That's the first thing I noticed when I had the opportunity, after I reviewed the iPad mini, to handle a Nexus 10 and a Kindle Fire HD for an extended period of time. The build quality and the ability to deliver an eBook reading experience is identical to, perhaps better than, the Nook HD. The real question is, which ecosystem do you want to commit to?" Instead of B&N, many people have chosen Amazon, Apple and Google, companies that will be, and are perceived to be, around for a very long time.

The war has already started to replace the smartphone. Google's technology has been developed, developers have been engaged. Now the trash-talk starts. "Sergey Brin: Smartphones are 'emasculating'."

Attend the Mobile World Conference in Barcelona and then play with NFC equipped handsets and you'll have a pretty good picture of where NFC is going. (Unlike Samsung.) Peter Bright writes: "Mobile World Congress is Mean Girls, and NFC isn’t going to happen."

What do you do when you're trying to market a boring product, something decidedly unsexy like disk drives? The whole world depends on your product but you earn none of the credit. Why not insinuate yourself into the very sexy part of creativity achieved with the whole widget -- what other companies are touting as "magical." You elevate the dialog about your own critically important product. Here's a brilliant example of Western Digital developing its brand ... and maybe a litle of its own clever magic.  Watch and learn.



The Java story just gets worse and worse. Here's a news flash from March 1st at ars technica. " Another Java zero-day exploit in the wild actively attacking targets." The advice in the story is good. " ... people who have no need for Java should consider uninstalling it altogether, uninstalling just the browser plugin, or using a dedicated browser for the handful of sites they frequent that require Java and a separate browser for accessing all other sites."

Another option would be to, if you must, run Java in a browser in a virtual machine with, say, Parallels Desktop, and checkpoint your session. (If you think that would be an interesting How-to article, let me know.)

You have an old iPhone laying around. No one else wants it. What to do? Why ... turn it into a spycam. Splendid. Here's how to do it. "Koozoo turns any old iPhone into a 24/7 spycam." But pay attention to those pesky privacy issues.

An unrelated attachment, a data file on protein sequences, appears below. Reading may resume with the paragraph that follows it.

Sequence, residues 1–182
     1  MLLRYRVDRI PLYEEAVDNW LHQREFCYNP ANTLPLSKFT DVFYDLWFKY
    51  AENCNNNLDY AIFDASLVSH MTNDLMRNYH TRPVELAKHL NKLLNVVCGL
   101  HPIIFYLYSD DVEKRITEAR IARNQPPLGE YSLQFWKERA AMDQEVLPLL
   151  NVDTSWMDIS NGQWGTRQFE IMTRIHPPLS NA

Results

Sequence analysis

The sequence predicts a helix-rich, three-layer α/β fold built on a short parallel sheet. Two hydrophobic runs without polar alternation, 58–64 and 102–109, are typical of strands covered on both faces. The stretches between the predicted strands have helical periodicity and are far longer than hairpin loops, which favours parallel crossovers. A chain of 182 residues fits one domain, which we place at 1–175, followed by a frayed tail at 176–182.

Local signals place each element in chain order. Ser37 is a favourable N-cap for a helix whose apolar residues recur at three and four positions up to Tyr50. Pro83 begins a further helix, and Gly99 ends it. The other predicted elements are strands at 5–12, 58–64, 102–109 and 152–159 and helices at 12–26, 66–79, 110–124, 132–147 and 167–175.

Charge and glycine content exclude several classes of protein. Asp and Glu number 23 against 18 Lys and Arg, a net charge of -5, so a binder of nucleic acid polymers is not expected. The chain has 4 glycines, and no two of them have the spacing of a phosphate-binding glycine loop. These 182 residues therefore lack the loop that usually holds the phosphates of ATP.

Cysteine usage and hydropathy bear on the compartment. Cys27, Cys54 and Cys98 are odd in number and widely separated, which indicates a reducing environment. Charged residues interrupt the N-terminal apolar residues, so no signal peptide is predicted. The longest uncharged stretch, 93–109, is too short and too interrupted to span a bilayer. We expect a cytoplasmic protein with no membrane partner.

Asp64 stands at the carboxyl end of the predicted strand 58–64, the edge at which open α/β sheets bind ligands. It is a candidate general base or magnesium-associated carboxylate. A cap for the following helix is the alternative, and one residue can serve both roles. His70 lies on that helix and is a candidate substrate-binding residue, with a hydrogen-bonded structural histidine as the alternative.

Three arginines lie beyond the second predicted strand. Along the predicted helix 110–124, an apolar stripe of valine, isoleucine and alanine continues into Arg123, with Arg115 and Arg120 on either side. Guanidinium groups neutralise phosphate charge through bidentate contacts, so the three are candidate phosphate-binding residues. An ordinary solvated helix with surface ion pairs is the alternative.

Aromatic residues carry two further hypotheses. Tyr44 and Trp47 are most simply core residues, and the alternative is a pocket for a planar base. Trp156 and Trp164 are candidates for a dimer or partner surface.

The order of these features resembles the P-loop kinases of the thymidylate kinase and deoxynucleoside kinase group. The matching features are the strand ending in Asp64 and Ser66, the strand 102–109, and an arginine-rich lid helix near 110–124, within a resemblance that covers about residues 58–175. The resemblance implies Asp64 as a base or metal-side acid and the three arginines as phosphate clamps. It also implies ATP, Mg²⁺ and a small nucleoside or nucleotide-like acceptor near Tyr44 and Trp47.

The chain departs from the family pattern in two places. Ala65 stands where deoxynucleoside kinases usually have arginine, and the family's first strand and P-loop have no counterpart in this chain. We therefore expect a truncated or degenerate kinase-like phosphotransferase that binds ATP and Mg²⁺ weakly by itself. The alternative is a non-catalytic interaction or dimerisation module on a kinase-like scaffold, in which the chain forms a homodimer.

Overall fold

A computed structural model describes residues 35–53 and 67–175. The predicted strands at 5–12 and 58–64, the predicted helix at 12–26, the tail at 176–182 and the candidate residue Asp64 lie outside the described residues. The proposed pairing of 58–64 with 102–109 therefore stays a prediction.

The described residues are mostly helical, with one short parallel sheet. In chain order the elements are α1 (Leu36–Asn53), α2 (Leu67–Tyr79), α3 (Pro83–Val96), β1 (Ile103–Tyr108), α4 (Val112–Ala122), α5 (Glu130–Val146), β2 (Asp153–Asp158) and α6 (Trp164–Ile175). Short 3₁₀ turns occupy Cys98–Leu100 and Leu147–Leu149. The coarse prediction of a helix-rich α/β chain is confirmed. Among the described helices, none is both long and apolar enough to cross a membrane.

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My Facebook story:
I signed up a number of years ago. At first it was amusing but even then the data mining and spying bothered me. After a while I adjusted my profile to remove just about everything but my name. Then I saw what others were posting out there. Seriously, I didn’t need to see some relatives infant’s first bowel movement, or shots of younger relatives way too drunk at a frat party. I unfriended everyone. Not that I had a lot. Just a fe relatives but I cut everyone off, mostly to avoid the “why did you unfriend them and not me” questions. I kept the account fro a few more months because there were a few businesses and sites that used it for feedback. Finally though, I just couldn’t take the obvious data mining. If I had an account people were still linking me in photos. If I had an account Facebook was still connecting things I had looked up. Just to Big Brotherish. I killed the account (Yes there is, or at least at the time there was a way to completely delete a Facebook account. It involved going through an arcane process and then touching nothing that might link back to Facebook for several weeks.) I’ve been Facebook free for nearly two years now. My wife still has an account to keep up with family. She’s starting to complain about the things that bothered me and what you mentioned. Maybe someday I’ll get her to drop it too. Next we just need to get a billion more to do so and the world will be a better place.